The Providence Athenaeum, circa 1958. (U.S. Government Photo)
The Providence Athenaeum, founded as "The Athenaeum" in 1836, is an independent, member-supported library open to the public. Its progenitors were two earlier libraries, The Providence Library Company, founded in 1753 and the Providence Athenaeum, founded in 1831; it became "The Providence Athenaeum" by amendment to its charter in 1850.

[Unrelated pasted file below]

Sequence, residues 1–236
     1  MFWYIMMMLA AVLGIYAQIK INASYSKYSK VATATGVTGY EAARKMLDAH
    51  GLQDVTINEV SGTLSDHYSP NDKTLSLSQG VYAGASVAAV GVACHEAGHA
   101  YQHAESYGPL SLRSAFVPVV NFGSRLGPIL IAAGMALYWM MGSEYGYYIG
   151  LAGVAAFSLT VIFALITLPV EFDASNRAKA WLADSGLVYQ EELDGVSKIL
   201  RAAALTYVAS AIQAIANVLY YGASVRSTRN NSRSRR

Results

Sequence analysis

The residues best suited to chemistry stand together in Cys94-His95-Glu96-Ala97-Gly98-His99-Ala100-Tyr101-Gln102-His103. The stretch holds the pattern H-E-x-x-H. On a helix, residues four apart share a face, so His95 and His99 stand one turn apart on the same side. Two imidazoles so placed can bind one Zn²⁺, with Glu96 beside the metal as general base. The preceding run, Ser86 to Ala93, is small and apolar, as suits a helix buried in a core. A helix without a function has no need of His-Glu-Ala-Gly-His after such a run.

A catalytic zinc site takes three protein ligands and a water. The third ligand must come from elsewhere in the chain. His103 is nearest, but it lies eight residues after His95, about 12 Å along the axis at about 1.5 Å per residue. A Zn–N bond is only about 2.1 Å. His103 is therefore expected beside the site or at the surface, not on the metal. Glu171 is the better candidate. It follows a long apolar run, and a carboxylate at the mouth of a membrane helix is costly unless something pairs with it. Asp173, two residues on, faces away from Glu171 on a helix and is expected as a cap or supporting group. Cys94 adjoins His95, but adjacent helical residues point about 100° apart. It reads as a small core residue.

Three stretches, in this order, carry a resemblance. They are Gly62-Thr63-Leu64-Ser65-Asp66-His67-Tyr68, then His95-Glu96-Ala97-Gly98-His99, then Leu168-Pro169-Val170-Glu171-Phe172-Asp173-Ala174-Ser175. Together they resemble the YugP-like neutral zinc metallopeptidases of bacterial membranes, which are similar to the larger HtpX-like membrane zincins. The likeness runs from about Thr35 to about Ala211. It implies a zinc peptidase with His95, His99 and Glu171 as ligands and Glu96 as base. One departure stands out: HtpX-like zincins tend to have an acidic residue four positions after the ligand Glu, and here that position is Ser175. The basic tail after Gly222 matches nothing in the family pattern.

In 1753 a group of private citizens started The Providence Library Company to gain access to a collection of books that they could not afford individually. Members paid a small subscription fee to the library to purchase books which all members could share. Stephen Hopkins, signatory of the Declaration of Independence, was a leading member of the early organization. Many of the early books had to be purchased from England. In 1758, a fire destroyed the first collection of books, which were then housed at the Providence court house. Shortly after Brown University moved to Providence in 1770, the library offered students the use of its books. In 1836 the Providence Library Company merged with the Providence Atheneum (founded in 1831), and the merged organization became known as the Providence Athenaeum. In 1838 a new Greek Revival building was completed on Benefit Street by the Philadelphia architect, William Strickland.